Saturday, March 7, 2009

Dependency Mission 03

I think it would behoove all of us who give to missions to learn ways to evaluate mission approaches to see if what we're supporting is making the kind of difference we want it to make. We need to educate ourselves.

I have seen it myself. Missionaries who come to town (meaning here on "the field") with big budgets and big programs can generate quite a stir. Everyone loves them. They do grand things and give a lot to many people. They gather big crowds. Many people want to get as close as they can to them. The missionaries see all these people coming and they praise God for how the Spirit is impacting so many. They sometimes boast to others about "all that God is doing" in their ministry.

Usually what follows is jealousy and infighting among the locals regarding who is closest to the missionary. Why? Because it never was about what God was doing among the people. It was about money. Easy money. The people found the missionary to be an easy source of money, help, education, etc. In other words: a sucker. "We'll do the Christian dance for you if you give us money." And many people in poor countries view charitable foreigners as suckers.

A generation ago some missionaries came up with a term for local peoples who come to Christ in order to get some sort of financial or physical benefit: Rice Christians. "If you give me a bowl of rice, I will become a Christian." This dynamic is not dead in the least. It is very prevalent in poor countries where missionaries work. The task for the missionary, then, is to figure out ways to avoid this dynamic.

The problem is that too many missionaries ignore this syndrome and throw their money around. They feel justified because they can credit God with all the activity and excitement they are generating. Then they turn around and report this activity and the numbers of all the people at their events in their newsletters. This then helps them raise more money because people back home are so excited to give to a mission work that "God is really using."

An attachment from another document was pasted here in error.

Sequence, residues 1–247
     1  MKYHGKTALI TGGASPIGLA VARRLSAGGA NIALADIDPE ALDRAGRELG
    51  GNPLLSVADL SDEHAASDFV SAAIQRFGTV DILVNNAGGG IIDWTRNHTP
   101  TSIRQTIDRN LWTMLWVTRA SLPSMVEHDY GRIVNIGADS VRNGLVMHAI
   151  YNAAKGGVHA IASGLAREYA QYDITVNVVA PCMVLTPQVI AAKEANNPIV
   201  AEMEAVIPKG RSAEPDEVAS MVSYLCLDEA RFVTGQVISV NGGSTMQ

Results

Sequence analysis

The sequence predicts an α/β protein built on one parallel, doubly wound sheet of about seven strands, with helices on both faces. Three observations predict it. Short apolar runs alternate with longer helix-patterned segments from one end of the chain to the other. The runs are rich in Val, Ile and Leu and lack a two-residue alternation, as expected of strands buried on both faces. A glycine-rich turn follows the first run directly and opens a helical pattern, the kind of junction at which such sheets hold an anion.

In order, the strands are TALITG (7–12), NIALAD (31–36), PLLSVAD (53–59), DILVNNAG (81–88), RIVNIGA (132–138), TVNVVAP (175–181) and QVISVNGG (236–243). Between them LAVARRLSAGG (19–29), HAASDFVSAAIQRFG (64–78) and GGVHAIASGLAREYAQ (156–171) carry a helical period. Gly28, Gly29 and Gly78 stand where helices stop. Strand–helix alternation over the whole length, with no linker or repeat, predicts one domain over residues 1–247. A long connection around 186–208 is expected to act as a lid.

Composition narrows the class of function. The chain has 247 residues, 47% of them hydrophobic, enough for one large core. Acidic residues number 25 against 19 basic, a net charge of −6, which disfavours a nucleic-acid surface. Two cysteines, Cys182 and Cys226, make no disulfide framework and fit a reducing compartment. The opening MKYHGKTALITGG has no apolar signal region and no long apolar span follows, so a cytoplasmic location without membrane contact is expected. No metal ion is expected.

And some of the most popular mission agencies in the States are the very ones that are dumping money (in various forms) on the field and the people they are "reaching" are actually being converted to loving wealth more than God.

Tomorrow I will tell you a couple stories...


  1. I know you've probably seen this, and I know you're not talking about PG specifically, but it frustrates me that not only are we attempting to share the gospel to a world that is openly worldly, but also must compete with heretics that claim to teach the Word of God:
    John Piper Prosperity Gospel

  2. Katdish, You are so right. And a lot of the problems we face on the field could certainly be described as "competing" with the prosperity gospel. If it is not someone deliberately or implicitly preaching it, then it is a hope within those who are poor that this is what the gospel will bring them. I will write a post soon called "The Pain of Poverty" to help us understand why so many people around the world are primed to accept a false gospel. It appeals to their situation. Nevertheless, I feel much like John Piper. It is a lie and ultimately harmful to the work of the Kingdom.